The apocalyptic question



The earth begins to break and crumble beneath our feet. Yellowstone becomes an erupting volcano. California disappears into the Pacific Ocean. The phenomenon of impending apocalypse is sweeping the world by storm. According to readings of the Mayan calendar, the world will end on December 21, 2012. The classic Mayan civilization flourished between 1000 BC to about the 1530s AD, when the Spanish arrived in Mexico. Mayan culture developed many calendars, dominantly the religious calendar (Tzolkin), the civil calendar (Haab), and the Long Count Calendar, around which today’s obsession with the end of the world revolves.

So how was it determined that doomsday would be just a few days before Christmas? It’s all in the logistics. The Mayan Long Count Calendar measures time by baktuns (144,000 days), katuns (7,200 days), tuns (360 days), uinals (20 days), and kins (one day or “one sun”). The Mayan calendar consists of 13 baktuns, measuring over 5,000 years of time.

“According to the accepted correlation between Maya and Christian calendars, this has come to mean the end of the world,” said Dr. Hector Neff, an anthropology professor at CSULB of Mesoamerica archaeology.

On December 21, 2012, the final katun cycle ends and the Mayan calendar resets at zero. The resetting of the calendar is what many scholars have speculated as an indicator of humanity’s end and the literal resetting of life.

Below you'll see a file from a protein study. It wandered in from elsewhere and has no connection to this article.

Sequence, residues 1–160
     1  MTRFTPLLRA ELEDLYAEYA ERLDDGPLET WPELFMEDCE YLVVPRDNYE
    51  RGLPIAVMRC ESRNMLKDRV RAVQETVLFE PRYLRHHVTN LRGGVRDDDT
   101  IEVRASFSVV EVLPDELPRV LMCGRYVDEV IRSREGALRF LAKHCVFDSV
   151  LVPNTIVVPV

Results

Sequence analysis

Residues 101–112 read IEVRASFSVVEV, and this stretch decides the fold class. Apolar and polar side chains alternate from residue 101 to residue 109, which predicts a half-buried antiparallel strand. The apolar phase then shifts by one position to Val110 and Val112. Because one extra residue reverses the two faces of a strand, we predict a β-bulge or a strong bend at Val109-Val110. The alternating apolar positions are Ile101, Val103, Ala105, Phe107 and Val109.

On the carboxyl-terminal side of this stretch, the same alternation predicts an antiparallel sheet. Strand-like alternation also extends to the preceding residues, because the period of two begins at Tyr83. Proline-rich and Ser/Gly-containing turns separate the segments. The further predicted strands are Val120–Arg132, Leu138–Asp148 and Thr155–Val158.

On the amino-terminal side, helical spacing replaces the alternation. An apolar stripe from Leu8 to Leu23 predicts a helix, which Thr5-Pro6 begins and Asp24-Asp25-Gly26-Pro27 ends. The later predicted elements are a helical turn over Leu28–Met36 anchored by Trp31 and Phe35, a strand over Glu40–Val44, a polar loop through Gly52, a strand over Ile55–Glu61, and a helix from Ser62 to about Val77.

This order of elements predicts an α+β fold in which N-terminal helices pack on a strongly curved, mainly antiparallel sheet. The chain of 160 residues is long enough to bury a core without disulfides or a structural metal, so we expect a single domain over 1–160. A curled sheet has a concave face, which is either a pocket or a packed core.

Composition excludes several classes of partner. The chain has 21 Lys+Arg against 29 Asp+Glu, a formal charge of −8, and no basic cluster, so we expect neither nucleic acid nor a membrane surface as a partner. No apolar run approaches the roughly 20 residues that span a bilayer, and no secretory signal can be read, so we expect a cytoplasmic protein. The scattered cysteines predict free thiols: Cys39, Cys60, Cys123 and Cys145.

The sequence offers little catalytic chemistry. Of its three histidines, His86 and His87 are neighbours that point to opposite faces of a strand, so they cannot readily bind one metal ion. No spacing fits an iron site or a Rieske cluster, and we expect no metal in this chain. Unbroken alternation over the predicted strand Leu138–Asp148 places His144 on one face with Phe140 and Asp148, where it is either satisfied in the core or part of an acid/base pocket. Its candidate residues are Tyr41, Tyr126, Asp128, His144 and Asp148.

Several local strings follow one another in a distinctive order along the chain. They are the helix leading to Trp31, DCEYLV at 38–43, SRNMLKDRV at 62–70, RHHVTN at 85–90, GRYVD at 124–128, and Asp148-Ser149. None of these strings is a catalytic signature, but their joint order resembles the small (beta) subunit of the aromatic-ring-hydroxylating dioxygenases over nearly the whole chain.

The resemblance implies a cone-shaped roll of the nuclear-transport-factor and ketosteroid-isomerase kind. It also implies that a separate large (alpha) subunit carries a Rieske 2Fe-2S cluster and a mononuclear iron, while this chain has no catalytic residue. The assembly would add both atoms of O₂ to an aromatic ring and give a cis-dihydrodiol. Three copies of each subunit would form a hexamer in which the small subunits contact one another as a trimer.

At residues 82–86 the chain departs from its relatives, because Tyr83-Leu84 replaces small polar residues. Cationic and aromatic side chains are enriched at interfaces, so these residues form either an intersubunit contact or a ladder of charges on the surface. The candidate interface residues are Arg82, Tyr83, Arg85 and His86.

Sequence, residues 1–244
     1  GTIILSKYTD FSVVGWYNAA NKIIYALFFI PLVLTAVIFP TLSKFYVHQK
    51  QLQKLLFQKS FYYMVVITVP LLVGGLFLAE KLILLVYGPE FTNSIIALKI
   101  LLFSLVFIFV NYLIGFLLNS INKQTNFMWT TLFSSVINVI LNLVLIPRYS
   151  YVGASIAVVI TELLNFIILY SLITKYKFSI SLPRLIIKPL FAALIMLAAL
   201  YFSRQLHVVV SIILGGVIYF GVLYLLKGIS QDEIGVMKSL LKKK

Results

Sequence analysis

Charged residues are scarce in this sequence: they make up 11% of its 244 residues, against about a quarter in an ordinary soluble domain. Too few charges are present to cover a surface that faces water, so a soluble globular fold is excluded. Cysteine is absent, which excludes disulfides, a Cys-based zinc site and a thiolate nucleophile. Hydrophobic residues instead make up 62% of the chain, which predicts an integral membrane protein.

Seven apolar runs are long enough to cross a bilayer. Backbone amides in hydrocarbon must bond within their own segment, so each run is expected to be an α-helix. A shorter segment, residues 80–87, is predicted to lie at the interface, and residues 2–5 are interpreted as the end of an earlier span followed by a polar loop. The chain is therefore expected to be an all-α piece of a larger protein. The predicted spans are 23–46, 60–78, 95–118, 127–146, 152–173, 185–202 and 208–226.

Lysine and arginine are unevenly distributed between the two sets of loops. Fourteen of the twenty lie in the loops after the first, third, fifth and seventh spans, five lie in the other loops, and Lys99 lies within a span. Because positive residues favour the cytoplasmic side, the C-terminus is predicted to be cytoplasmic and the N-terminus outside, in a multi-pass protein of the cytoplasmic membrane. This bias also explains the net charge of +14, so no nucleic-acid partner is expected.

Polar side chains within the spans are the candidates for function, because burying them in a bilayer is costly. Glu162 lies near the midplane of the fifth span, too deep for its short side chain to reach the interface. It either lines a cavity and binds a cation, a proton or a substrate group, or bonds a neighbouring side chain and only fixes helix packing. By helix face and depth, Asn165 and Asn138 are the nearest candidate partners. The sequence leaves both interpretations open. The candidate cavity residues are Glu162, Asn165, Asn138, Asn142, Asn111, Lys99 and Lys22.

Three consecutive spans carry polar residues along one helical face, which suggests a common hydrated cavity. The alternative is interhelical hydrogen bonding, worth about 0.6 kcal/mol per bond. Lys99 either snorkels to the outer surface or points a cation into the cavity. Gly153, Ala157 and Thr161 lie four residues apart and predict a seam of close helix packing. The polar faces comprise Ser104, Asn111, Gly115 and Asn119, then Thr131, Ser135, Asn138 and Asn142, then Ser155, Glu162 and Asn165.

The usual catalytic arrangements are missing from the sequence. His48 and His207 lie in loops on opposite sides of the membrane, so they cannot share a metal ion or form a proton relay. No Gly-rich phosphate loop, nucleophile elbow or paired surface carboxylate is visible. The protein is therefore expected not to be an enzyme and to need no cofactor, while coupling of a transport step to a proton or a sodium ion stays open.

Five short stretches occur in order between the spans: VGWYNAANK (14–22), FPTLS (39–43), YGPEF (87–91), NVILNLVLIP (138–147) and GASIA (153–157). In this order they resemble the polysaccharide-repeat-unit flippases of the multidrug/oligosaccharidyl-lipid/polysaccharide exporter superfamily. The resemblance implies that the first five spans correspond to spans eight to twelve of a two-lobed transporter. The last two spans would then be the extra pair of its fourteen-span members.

Because the Maya created their calendar by observing the alignment of the planets and the stars, some have speculated that even if the world does not end, there will be a shift in the earth’s alignment.

Naturally, some are skeptical of this prediction.

“It’s just nonsense,” said CSULB astronomy professor Paul Hintzen.

From a scientific standpoint, there is conflicting data regarding the suggestion of a major adjustment in the stars. Even if there was change, it is difficult to conclude the change will trigger natural disasters.

“It would literally take thousands of years to notice any changes, and there’s nothing expected to happen in December that will trigger a change in the stars or constellations,” said Hintzen. “[The Mayans] just got tired of counting and ended it randomly.”

In contrast, looking at the calendar from a cultural point of view could suggest the Maya did not intend to mark judgment day.

Namika Raby, a cultural anthropologist and professor at CSULB, suggests that the Mayan culture valued time differently than most modern western societies, which leads to misinterpretation of the calendar.

“In cultures like Maya, they don’t value the time but more of what can be done in that time,” Raby said. “People and human relationships are more important.”

Raby also said that it is important to remember what the calendar meant to the Mayan people and that the Mayan cyclical calendar could simply mean the beginning of a new cycle.

“If you value people and relationships and then it’s not there, then the culture ends and stops,” Raby said.

No matter the reasoning, the notorious date has attracted immense attention and has been the basis of many books and films. Films such as 2012, The Day After Tomorrow and The Book of Eli have all depicted the destruction of modern society and a rebirth of humanity.

“[Hollywood] just made a movie and then people started buying tickets to leave the earth because they think the world is going to end,” said geology major Georgie Aronson.

There is still time left before the world witnesses the last sunrise on December 21, so make the most of what is left, just as the Mayans did.

FeatureDIG MAGComment